We took a vacation up to our future homestead this past week and thoroughly enjoyed ourselves!  Our friends Shelley and Bruce invited us over for a Fourth of July Party and we had so much fun visiting with lots of our neighbors.  We met the “new guy” who just recently purchased property in our area, made some new friends, and Ray found a new fishing partner!

Between clearing an area to place a shipping container to use as a storage shed, getting our valley house ready to put on the market, and  bad nonexistent internet service on the future homestead, I haven’t been blogging much lately. Plus, I found out that I have bursitis, tendonitis and a probable healing rotator cuff tear in my right shoulder… and I’m right handed!  Ugh!  Hopefully physical therapy will get me back on track.

The drought here in California isn’t getting any better.

California lake in drought

This high mountain lake about 1/2 hour from our future homestead is usually one of the last lakes to get drained in the fall. At this time of year the water is usually way up and spilling over the dam.  Unfortunately, it’s already pretty low because there just wasn’t any snowpack to fill it up.

Anyhow…  there are a lot of things happening on the future homestead:

gooseberries

The gooseberries are starting to ripen, though because of our drought I don’t think we have half as many as we did last year.  In fact, some of the bushes that were loaded last year have only a dozen or so gooseberries this year.  It’s a shame.  However, I do think I will get enough to make a batch of gooseberry jelly.

blackberries

The blackberries look even worse.  The berries that are developing look very small and will probably be very seedy, and I think it’s too late to water them, though I don’t think I would anyway.  While I know they will still make a great jelly, I was hoping to get some nice juicy ones to can into pie filling this year.  This is the recipe I wanted to use: http://oursimplelife-sc.com/blackberry-pie-filling-recipe    Maybe the hubby and I can take a ride down to our local creek and find a few plump, ripe berries.

ripening rose hips

Even the rose hips that I planned to harvest this year for a healthy and delicious tea are already starting to ripen, which is way earlier than I remember this happening in previous years.  At least they look somewhat plump, despite the drought.  I guess I will just have to harvest earlier than I had planned.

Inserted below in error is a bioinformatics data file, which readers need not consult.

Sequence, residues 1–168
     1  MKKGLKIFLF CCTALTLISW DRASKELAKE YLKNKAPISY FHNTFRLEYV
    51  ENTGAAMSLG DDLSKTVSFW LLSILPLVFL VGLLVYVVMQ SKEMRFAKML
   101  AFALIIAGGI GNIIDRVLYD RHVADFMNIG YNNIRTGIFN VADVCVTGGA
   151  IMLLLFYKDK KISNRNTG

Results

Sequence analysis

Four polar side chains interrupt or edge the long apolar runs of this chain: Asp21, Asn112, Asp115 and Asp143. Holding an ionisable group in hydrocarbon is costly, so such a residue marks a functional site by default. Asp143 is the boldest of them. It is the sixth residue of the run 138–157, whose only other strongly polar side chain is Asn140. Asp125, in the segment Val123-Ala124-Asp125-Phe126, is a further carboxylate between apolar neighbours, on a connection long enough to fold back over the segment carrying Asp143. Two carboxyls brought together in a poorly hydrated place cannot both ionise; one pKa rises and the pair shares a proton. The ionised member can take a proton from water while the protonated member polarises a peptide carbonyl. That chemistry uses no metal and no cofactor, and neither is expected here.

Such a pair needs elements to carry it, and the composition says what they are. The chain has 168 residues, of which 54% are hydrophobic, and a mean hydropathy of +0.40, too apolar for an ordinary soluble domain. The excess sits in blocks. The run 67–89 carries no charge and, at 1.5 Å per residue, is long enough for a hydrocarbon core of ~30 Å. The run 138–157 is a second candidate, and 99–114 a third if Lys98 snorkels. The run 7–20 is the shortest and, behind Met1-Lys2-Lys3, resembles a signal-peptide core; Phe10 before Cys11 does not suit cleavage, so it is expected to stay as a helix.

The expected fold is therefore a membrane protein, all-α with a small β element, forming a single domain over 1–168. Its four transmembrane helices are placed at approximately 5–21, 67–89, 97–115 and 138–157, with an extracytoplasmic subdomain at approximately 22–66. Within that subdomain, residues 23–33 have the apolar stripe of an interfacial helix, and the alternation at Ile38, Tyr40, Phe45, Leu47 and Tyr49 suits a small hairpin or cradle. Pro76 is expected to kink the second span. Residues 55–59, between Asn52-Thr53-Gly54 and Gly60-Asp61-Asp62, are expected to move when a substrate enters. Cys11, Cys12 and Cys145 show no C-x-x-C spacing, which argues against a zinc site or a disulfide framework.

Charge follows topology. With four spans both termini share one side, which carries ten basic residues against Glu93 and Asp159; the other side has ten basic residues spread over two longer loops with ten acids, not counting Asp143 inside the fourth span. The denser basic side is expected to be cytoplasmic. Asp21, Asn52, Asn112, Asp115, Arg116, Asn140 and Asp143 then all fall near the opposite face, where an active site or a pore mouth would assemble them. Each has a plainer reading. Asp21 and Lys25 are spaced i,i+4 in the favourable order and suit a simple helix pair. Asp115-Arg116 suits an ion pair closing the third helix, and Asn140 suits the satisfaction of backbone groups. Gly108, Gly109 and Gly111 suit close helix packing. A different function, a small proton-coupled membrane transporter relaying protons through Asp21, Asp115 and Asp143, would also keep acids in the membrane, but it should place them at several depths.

woodpile torn up

And then, near our campfire ring where our wood  is  was stacked, some critter tore it to pieces and made quite a mess.  I assume whatever it was (bear, raccoon, dog), was going after some critter that had made a nest in the woodpile.  Unfortunately, if you look at the bottom of the picture, you can see the beginnings of a poison oak bush, which is why I didn’t clean up this mess right away.  UGH!  I hate poison oak and unfortunately it likes me! :(  I will just have to keep my Technu and Stri-Dex pads on the ready.

Along with all the bad news due to our current drought here in California, we still have some good to report:

irrigation using rain barrels

The new zero pressure water timer and irrigation system we set up for our raised boxes is working well!  These tomatoes have absolutely tripled in size and are in full bloom!

ambassador walnuts

Our two year old Ambassador walnut tree has seven walnuts on it!  Heavens to Betsy – they aren’t supposed to produce until they are at least five years old, but this one seems to be extremely happy.  We weren’t positive that walnuts would grow well in our area, but apparently they do!

Redhaven Peach

Our Redhaven peach tree has three nice peaches on it, and at the rate that they are taking on color, they should be ripe in about a week.  Unfortunately our apricots didn’t put on any fruit this year, probably because we had a snowstorm just when they were starting to bloom, and the few cherries that we had were eaten by birds.  But, we are very hopeful that within a few years our small orchard will be providing us with lots of fruits and nuts!

purple thistle to make vegetable rennet

Finally, the purple thistle is starting to bloom again.  Apparently they aren’t bothered much by drought, because they seem to be as numerous and as big as they were last year! It’s time for me to start harvesting the purple thistle (before the down develops) so that I can continue my experiments with using it as a vegetable rennet to make cheese.  Now that our local natural foods market sells raw goats milk, I have all I need to make fresh goat cheese!  Click HERE to read about how to make rennet out of purple thistle.

Because of this drought we are seeing a lot more beetle activity and wasps on the future homestead, partly because they didn’t die off during the winter because of our warm temperatures, and partly because the drought weakened trees aren’t able to resist the beetle invasion.  We may lose some of our pine trees because of this. :(

On the brighter side, our well seems to be holding it’s own.  So far.  Since we were able to get three 1,100 gallon water storage tanks full from the winter rains, we haven’t had to pump much water from the well, which is a good thing.

Until next time – stay happy, healthy and as honest as you can be.

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The Self Sufficient HomeAcre